While funders make decisions about where their money goes, and PhD students decide what to study, with whom and where before they go on to wander along the career maze; while publishers decide who to publish and universities around the world make decisions based, at least in part, on these same editorial decisions, who looks at the Big Picture? There is a need for more understanding of the decisio Continue reading

Posted in careers, Equality, James Wilsdon, Research, RoRI, Science Culture | Leave a comment

Project-based learning and craft-brewed beer

One of the most enjoyable of my curriculum-revision tasks over the last weeks has been my participation in the “P2 team”, that is the Project team for Project-based learning (we could probably have done better with one very long german word for our name, but P2 seems to have stuck). On some days it is not entirely clear to me how (or indeed whether) I am contributing; one of our respon Continue reading

Posted in education, Materials Science | Comments Off on Project-based learning and craft-brewed beer

Talking Leadership in Toronto

I’ve recently been in North America meeting up with Churchill College alumni, flying into New York City and out from Toronto, with a delightful flight with gorgeous views over New England in between. It was rather exhausting but was also something of a trip down memory lane, initially triggered by a nasty incident. A few days before travelling I had had my wallet stolen in Cambridge, pickpocketed, Continue reading

Posted in alumni, Bruce Simpson, Equality, Maggie Thatcher | Comments Off on Talking Leadership in Toronto

Red Lines Don’t Need to be Political

Despite the introductory couple of paragraphs, this is not meant as a political diatribe….it’s just hard to avoid parliamentary affairs currently. I did foreswear following Brexit news for several months after the last deadline in the spring for the sake of my well-being, but somehow I’ve got sucked in again….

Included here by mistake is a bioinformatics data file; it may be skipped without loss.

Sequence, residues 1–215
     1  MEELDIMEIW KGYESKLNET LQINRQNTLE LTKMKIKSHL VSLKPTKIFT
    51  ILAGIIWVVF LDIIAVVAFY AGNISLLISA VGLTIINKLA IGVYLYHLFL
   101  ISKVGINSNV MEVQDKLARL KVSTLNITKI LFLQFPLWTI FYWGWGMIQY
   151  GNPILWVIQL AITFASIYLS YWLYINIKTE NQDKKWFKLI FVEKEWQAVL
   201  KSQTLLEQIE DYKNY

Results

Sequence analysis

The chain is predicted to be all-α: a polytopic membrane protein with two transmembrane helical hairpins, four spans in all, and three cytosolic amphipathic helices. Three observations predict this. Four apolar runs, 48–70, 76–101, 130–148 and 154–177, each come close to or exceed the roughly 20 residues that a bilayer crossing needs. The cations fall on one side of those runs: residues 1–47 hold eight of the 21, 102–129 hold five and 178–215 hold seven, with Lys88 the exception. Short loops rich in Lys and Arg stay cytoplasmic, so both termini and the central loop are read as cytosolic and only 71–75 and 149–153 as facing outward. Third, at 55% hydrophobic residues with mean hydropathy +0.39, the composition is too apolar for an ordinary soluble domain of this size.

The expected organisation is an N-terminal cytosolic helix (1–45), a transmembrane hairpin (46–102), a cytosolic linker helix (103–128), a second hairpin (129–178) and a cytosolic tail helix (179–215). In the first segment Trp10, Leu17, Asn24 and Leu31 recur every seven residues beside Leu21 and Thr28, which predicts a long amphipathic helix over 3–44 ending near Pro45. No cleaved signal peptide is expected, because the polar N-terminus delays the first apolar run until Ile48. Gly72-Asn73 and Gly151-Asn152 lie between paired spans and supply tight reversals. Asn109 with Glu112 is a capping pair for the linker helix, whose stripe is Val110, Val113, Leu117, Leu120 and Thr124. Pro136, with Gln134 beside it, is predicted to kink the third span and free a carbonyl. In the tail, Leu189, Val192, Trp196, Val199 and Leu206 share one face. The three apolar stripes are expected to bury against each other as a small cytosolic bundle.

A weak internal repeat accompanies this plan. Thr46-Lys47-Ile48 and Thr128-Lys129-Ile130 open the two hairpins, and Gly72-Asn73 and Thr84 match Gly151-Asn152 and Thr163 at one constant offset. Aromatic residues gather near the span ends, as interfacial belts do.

We’ve heard a lot about red lines from UK politicians over the past many months. It turn Continue reading

Posted in Brexit, negotiation, resources, Science Culture, space | Comments Off on Red Lines Don’t Need to be Political

Lost and Wanted—A review of a new LabLit novel

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Having recently finished the novel Lost and Wanted by Nell Freudenberger, I peeked at a smattering of the many reviews written about this novel, each claiming Lost and Wantedfor its own select cause: feminism/gender equality, race issues, friendship issues, parent-child issues (multi-generational), science and society, science and belief/religion, elitism in education, social fads, and on and on. Continue reading

Posted in education, Research, reviews, science | Comments Off on Lost and Wanted—A review of a new LabLit novel

Trying Not to Discourage Others

What should one say to school children about to make university choices regarding life after school? Of course there are lots of positive things – clichés abound to supply them – but there are also the darker elements of the conveyor belt they are on. Talking to a group of around 50 teenage girls considering applying to Cambridge for maths or natural sciences last week, I found myself wondering wh Continue reading

Posted in Cambridge admissions, education, Maths, sixth form choices, Women in science | Comments Off on Trying Not to Discourage Others

I told myself…

I am on holiday – on the island of Mauritius, a tiny tropical island in the Indian Ocean. And when I go on holiday, I make ridiculous plans. 

Mauritius beach

I told myself I’d start running again. I’d get up early every morning, slip out of bed without disturbing my wife and cross the road to the beach. Continue reading

Posted in Blogging, Scientific Life | Comments Off on I told myself…

In which I realize I am part of a select sci/art group

Me talking about the antimicrobial resistance crisis back in 2015

I haven’t written here for a gazillion years – life is just too full-on. But I found out an amusing fact that I wanted to share. I’m not sure how it came up, but my Fiction Lab contact at the Royal Institution recently told me he’d done a little digging and found out that only three published fiction authors Continue reading

Posted in Lablit, Nostalgia | Comments Off on In which I realize I am part of a select sci/art group